California teachers opposed two ballot propositions that are politically motivated. Like fraternal twins, Propositions 226 and 227 don’t look the same, but they are identically conceived. Neither one is the product of a grassroots movement of concerned citizens. Both are financed by individual high-rollers with their own agendas. That’s why the League of Women Voters and the California Federation of Teachers urge voters to say “No” to this double-disaster on the June ballot.

The political idea behind 226 is to unbridle the power of big businesses, corporations, and wealthy individuals. The proposition would silence the voice of working people who belong to unions and favor the industries, lobbyists and millionaires who are paying to make this initiative the law. The League of Women Voters say that Proposition 226 will unfairly create two sets of rules for participation in elections.

Under Proposition 226, the rules for labor unions would set in motion a cumbersome bureaucracy that will virtually shut down political participation of workers. Union members would have to overcome a paperwork blockade to make organized contributions to campaigns. Incredibly, the amount of this paperwork is expected to cost government 2 million a year, and as much as 5 million for set-up costs in the first year. Private businesses will spend millions more to administer this bureaucratic nightmare.

There are few rules controlling the political clout of corporations. They don’t ask stockholders or employees for permission to spend corporate profits on partisan interests. They can spend unlimited amounts of money on lobbing campaigns that look like grassroots efforts, but are really just astro-turf. And they don’t even have to report this as political action. Businesses and corporations already have a big advantage when it comes to sending their messages at election time, but they want more. They don’t want any competition at all from the working men and women who might disagree with them. Please given union members a fair chance to be heard by voting “No” on Proposition 226.

Also opposed by teachers because it is unfair to parents, educators, school districts, and especially children, is Proposition 227. There are two good reasons to vote “No” on this unfair proposal. First, Proposition 227 would spend 50 million annually, half a billion dollars over 10 years, on a new program- not for schools – but for English instruction for adults who pledge to volunteer as tutors. The initiative doesn’t say where the 50 million will come from every year, and it doesn’t require any accountability for spending this huge sum of money. The state would be locked into a spending item for a program that never has to produce results, but will perpetually take money from other programs. Second, Proposition 227 takes away local control of decisions about teaching English. In fact, it bans all local programs and, instead, imposes a single teaching method on the whole state.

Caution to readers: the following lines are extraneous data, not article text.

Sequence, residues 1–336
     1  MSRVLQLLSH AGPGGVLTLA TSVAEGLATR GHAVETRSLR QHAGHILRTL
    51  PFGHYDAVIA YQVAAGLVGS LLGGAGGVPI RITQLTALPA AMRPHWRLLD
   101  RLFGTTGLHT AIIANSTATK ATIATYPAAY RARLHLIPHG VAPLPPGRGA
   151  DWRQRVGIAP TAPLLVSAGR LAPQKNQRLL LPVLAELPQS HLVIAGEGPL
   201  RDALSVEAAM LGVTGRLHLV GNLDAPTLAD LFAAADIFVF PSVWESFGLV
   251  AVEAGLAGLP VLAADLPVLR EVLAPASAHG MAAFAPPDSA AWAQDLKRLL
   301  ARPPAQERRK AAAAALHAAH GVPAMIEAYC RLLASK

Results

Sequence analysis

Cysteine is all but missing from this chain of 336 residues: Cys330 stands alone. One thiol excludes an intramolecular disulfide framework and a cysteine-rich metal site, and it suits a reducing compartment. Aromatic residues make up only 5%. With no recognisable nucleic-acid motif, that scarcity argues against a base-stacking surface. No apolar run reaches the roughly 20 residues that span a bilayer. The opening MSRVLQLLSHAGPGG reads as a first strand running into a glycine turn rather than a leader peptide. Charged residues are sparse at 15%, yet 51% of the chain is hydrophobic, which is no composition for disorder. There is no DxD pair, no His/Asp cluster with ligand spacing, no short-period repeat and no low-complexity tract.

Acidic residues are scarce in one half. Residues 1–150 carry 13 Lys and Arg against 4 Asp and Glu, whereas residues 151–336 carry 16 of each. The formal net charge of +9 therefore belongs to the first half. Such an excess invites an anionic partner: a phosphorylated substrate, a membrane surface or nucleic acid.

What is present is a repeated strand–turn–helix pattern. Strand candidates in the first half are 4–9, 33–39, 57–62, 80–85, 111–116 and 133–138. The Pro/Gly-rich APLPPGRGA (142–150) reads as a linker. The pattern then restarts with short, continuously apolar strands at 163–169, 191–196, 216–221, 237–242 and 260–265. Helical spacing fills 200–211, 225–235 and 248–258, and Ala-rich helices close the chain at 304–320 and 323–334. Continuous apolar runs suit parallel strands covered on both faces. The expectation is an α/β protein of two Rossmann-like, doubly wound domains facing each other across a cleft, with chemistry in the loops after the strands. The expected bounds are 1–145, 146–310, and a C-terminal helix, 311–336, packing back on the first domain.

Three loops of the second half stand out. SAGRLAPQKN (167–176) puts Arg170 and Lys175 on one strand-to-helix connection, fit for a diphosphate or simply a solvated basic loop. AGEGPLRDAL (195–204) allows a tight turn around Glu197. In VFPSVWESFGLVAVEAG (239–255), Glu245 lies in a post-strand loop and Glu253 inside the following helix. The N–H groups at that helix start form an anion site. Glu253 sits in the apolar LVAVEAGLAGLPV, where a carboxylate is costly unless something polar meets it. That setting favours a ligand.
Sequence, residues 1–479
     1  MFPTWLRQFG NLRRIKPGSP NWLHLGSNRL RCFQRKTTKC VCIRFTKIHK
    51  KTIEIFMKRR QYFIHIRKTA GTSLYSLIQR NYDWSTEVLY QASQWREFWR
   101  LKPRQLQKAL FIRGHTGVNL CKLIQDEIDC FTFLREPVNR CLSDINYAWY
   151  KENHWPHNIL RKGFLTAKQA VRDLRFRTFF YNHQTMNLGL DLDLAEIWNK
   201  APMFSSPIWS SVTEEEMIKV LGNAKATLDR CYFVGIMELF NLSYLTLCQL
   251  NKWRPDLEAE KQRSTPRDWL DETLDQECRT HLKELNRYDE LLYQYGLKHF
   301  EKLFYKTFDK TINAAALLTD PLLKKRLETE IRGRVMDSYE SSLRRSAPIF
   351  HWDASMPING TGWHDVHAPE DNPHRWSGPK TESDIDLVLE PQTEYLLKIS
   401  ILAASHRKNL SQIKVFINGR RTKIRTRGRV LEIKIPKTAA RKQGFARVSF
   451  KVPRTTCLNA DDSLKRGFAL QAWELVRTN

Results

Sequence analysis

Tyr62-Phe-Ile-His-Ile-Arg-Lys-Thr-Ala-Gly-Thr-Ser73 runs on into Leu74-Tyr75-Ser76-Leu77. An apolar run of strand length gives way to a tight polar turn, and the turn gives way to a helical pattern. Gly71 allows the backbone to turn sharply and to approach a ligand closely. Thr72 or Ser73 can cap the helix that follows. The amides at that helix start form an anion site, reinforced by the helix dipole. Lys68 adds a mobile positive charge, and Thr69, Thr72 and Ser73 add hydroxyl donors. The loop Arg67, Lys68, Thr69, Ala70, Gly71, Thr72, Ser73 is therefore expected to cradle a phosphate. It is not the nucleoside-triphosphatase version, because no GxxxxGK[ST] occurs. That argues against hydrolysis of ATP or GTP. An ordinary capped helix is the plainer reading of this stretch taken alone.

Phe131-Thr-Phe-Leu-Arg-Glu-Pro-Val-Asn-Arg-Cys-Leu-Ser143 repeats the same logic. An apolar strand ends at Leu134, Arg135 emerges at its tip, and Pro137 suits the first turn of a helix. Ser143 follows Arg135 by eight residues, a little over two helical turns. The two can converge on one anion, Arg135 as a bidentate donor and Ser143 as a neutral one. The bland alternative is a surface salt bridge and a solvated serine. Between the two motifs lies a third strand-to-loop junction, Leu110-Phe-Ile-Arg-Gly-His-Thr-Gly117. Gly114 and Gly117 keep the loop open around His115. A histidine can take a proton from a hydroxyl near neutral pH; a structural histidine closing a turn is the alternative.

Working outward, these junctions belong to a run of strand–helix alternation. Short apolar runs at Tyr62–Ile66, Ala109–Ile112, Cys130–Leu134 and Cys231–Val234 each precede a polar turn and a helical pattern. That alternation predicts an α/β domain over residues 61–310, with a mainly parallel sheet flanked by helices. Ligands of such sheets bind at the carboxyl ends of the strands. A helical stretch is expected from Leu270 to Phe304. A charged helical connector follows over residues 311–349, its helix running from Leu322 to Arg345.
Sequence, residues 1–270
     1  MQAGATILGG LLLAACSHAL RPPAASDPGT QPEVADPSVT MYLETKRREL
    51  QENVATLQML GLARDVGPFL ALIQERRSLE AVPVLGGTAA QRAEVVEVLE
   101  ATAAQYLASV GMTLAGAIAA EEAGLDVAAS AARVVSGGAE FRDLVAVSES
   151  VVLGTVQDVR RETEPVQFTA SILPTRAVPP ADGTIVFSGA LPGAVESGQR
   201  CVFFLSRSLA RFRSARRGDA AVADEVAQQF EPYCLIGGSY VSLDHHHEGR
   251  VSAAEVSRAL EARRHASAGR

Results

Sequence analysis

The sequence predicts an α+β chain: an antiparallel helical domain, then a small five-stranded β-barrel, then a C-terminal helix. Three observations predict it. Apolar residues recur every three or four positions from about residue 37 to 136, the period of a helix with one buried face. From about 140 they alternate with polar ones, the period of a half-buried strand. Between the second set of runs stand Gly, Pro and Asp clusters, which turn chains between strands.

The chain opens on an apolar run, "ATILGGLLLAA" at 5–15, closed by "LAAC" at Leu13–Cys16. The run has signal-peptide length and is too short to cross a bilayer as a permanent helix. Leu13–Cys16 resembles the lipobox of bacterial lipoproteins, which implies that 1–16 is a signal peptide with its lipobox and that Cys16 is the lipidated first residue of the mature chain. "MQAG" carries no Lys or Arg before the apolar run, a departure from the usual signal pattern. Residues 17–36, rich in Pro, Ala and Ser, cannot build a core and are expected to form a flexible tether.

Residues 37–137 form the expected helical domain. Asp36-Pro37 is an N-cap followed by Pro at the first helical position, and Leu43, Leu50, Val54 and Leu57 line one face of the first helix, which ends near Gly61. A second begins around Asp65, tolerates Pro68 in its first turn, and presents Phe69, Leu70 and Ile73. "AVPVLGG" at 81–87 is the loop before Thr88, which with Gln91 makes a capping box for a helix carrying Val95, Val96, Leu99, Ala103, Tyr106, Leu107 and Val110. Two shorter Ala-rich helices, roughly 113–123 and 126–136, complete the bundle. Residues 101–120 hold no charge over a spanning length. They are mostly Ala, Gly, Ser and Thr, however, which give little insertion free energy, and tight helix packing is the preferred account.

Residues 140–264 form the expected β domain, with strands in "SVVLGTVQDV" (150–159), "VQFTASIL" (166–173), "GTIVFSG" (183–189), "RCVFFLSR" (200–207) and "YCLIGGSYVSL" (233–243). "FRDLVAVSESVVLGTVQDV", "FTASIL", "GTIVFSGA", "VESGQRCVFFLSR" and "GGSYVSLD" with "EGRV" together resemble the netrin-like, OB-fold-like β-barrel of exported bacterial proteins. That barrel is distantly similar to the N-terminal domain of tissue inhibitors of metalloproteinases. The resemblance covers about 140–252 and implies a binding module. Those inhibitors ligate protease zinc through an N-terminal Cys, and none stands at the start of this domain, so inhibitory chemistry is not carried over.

Like it or not, if Proposition 227 passes, your school district will have to go by the rules for educating learners that were written by one man. Your school board, your PTA, or your school principal couldn’t use local experience, training or good sense to set policy on teaching English – even though the State Board of Education recently ruled that local districts have the authority to use different methods. One very rich man with no education credentials, who ran twice for governor and still has political ambitions, wrote the ballot initiative that will put a stop to local decision-making.

The man’s name is Ron Unz, and most people in California had never heard of him before he put himself in the middle of a ballot controversy that gets a lot of media attention. California children should not suffer because one man has the power and the money to put a bad idea on the ballot. Concern over the perceived shortcomings of bilingual education can be translated into good policy changes to give kids the benefit of our best ideas. The California Federation of Teachers, along with the California PTA and California Schools Boards Association, is asking voters to say “No” to Proposition 227.

Proposition 226 and 227 are both on the ballot to serve narrow, personal and special interests. Your “No” vote will serve the interests of working men and women and of our schoolchildren.



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